LEED Brakes Brake Pressure Gauge Kits

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Easy installation into your caliper or wheel cylinders bleeder port.

LEED Brakes Pressure Gauge Kits

Click on an image below to view more info on these Pressure Gauge Testers.

You can also select from the Year, Make & Model search at the top of the page to view all of our products for your application.

Brake Pressure Gauge Kit

Brake Pressure Gauge Test Kits make diagnosing your brake issues simple.

By checking your brake pressure at the caliper or wheel cylinder you can determine for:
Proper Master Cylinder bore size

Master Cylinder & Power Booster function

Mechanical vs Hydraulic issues

Faulty Proportioning Valve

Front to Rear Brake Bias & Much More

Kits include:
Brake Pressure Gauge,

5/16-24 Adapter,

3/8-24 Adapter,

M7x1.0 Adapter,

M8x1.25 Adapter,

M10x1.0 Adapter,

M10x1.5 Adapter,

Instructions & Solutions Guide.

Click on the product image to the left to view and purchase.

Always test your brake booster vacuum pump for leaks

Vacuum Brake Booster Testing and Diagnosis

Minimum engine vacuum required is 18”HG at idle in gear.

You will need a vacuum pump with a gauge to perform this procedure. Most “chain” parts stores will rent, loan or sell them.

1) Remove vacuum hose from check valve on booster. Place hose from vacuum pump onto check valve and draw booster to 20”Hg of vacuum.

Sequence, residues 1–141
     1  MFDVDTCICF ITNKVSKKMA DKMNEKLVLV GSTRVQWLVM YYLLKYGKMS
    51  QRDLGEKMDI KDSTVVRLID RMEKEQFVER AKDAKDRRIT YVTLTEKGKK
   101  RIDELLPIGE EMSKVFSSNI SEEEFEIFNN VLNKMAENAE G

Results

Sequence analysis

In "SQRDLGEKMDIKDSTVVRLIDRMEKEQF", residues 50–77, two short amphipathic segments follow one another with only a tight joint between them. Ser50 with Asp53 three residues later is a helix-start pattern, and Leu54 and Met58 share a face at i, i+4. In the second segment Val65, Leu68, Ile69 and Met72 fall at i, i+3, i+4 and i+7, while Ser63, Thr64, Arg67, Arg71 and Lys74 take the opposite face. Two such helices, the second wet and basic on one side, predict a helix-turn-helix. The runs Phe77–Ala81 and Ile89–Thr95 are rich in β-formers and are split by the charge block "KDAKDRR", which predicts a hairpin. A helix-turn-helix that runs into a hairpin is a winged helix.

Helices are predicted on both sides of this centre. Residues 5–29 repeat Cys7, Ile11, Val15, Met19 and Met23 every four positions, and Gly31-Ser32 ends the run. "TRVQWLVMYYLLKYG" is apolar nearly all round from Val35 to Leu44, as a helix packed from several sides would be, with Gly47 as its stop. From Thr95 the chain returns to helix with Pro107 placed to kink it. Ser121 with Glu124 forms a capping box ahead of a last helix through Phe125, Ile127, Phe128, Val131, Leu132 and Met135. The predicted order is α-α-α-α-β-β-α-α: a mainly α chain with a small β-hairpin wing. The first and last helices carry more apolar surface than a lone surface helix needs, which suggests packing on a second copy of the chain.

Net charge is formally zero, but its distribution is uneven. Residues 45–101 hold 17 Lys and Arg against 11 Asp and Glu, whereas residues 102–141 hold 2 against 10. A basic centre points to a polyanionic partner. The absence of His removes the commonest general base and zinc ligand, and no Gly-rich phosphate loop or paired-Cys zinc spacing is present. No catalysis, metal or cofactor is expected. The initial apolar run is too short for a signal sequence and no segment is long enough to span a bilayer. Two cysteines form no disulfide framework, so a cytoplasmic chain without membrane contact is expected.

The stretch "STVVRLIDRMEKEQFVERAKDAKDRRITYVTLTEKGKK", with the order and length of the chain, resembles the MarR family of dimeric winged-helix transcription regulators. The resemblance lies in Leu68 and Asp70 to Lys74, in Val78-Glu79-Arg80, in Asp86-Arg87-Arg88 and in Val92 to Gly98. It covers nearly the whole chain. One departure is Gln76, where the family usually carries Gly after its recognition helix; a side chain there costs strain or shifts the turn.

2) Let booster sit with vacuum applied for 5 minutes. Vacuum should remain steady at 20”Hg. If vacuum does not stay steady at 20”Hg the booster it is faulty and will need to be replaced. If vacuum does hold steady at 20”Hg proceed to step 3.

3) With 20”Hg of vacuum in booster depress brake pedal once and release it. The booster should transfer SOME but not ALL of the vacuum. Depending on how hard the pedal is depressed it is normal to see a 5-10”Hg drop in vacuum. The most important thing is to ensure that the booster does transfer SOME vacuum but does NOT transfer all of the vacuum in its reserve. If vacuum remains at 20”Hg OR goes to zero the booster is faulty and will need to be replaced. If vacuum transfer is within the above range proceed to step 4.

4) Once again draw booster down to 20”Hg of vacuum. Depress brake pedal and hold down for 30 seconds. You should see the vacuum gauge drop slightly and then hold steady. Vacuum should stay steady as long as you are holding the pedal down. If vacuum drops while pedal is being held down the booster is faulty and will need to be replaced.